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UNU-WIDER Approaching a Triumphal Span: How Far Is China Towards its Lewisian Turning Point

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A teenager wears torn rubber boots in a muddy local market in Bac Ha, Viet Nam. As of 2005 figures, half the world population—more than 3 billion people–is estimated to live on less than USD 2.50 a day. Bac Ha, Viet Nam. UN Photo/Kibae Park.

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Approaching a Triumphal Span: How Far Is China Towards its Lewisian Turning Point?

With the aid of an analytical framework of the Lewis model revised to reflect the experience of China, this paper examines the country’s dualistic economic development and its unique characteristics. The paper outlines the major effects of China’s growth as achieved during the course of economic reform and the opening-up of the country: the exploitation of the demographic dividend, the realization of comparative advantage, the improvement of total factor productivity, and participation in economic globalization. By predicting the long-term relationship between the labour force demand and supply, the paper reviews the approaching turning point in China’s economic development and examines a host of challenges facing the country in sustaining growth.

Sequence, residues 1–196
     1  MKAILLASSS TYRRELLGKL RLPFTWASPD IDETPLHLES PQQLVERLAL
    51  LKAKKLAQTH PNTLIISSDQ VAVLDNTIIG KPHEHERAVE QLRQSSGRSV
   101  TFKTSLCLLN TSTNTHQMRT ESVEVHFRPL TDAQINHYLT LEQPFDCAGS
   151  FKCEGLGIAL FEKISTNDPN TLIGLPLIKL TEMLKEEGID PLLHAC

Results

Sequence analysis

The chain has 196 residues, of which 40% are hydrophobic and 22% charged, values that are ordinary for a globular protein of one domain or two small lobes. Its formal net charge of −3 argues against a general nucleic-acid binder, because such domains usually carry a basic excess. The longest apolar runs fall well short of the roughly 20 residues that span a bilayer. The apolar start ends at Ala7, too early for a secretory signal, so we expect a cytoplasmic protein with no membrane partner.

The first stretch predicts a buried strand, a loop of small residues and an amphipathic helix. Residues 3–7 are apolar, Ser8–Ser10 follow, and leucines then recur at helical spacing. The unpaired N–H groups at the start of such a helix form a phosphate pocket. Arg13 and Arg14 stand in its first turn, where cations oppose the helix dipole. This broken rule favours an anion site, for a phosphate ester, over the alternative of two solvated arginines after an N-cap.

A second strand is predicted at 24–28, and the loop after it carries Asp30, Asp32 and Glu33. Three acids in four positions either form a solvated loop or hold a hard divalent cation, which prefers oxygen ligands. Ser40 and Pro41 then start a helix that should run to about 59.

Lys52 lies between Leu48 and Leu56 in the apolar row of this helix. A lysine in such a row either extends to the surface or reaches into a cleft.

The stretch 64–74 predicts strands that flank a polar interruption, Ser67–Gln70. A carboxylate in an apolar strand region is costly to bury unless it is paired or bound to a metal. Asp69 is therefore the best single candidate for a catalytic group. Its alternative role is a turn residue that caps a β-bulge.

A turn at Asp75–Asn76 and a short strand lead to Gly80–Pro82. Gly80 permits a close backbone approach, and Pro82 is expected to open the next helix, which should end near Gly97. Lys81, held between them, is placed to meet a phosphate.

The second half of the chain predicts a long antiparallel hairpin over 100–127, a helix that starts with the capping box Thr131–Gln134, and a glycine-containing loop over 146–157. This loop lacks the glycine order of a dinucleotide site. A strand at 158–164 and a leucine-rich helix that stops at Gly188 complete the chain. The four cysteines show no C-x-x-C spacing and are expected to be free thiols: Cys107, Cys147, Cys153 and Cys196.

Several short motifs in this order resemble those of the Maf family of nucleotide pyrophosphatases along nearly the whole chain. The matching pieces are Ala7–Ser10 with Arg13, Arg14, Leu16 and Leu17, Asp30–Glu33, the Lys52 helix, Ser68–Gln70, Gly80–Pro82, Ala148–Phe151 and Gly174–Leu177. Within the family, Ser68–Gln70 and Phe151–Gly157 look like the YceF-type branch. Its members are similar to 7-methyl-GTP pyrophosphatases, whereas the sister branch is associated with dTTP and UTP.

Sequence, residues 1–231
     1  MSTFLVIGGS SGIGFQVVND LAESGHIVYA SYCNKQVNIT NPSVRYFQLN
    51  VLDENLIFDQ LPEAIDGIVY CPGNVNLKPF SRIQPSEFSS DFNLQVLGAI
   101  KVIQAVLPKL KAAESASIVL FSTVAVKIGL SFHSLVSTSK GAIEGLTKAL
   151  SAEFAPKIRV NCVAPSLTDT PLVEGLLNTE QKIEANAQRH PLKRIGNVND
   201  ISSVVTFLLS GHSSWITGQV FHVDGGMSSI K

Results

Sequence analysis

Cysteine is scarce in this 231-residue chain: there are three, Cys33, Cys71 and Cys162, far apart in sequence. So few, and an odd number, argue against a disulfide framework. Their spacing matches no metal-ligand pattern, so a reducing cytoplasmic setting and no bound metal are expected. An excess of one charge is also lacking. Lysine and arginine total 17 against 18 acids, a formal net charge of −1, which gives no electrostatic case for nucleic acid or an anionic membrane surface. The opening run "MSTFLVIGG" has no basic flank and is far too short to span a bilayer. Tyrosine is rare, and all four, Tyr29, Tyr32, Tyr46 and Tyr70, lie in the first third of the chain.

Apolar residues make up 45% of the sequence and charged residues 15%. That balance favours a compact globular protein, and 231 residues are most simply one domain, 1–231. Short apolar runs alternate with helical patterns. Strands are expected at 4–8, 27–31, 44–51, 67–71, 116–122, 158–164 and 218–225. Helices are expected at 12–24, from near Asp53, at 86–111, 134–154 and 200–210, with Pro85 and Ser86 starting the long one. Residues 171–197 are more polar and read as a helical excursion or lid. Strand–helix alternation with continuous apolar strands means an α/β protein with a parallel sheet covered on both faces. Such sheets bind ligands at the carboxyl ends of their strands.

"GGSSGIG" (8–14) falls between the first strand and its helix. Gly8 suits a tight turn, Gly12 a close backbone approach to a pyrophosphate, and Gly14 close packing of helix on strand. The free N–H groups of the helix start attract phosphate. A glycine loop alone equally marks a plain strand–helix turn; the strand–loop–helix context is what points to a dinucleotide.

Publisher:
UNU-WIDER
Series:
WIDER Research Paper
Volume:
2008/09
Title:
Approaching a Triumphal Span: How Far Is China Towards its Lewisian Turning Point?
Authors:
Fang Cai
Publication date:
February 2008
ISSN Web:
1810-2611
ISBN 13 Web:
9789292300517
Copyright holder:
© UNU-WIDER
Copyright year:
2008
Keywords:
demographic dividend, Lewisian turning point, economic development, China
JEL:
J11, J21, O53
Project:
Southern Engines of Global Growth
Sponsor:
The governments of Denmark (Royal Ministry of Foreign Affairs), Finland (Ministry for Foreign Affairs), Norway (Royal Ministry of Foreign Affairs), Sweden (Swedish International Development Cooperation Agency — Sida) and the United Kingdom (Department for International Development).
Format:
online

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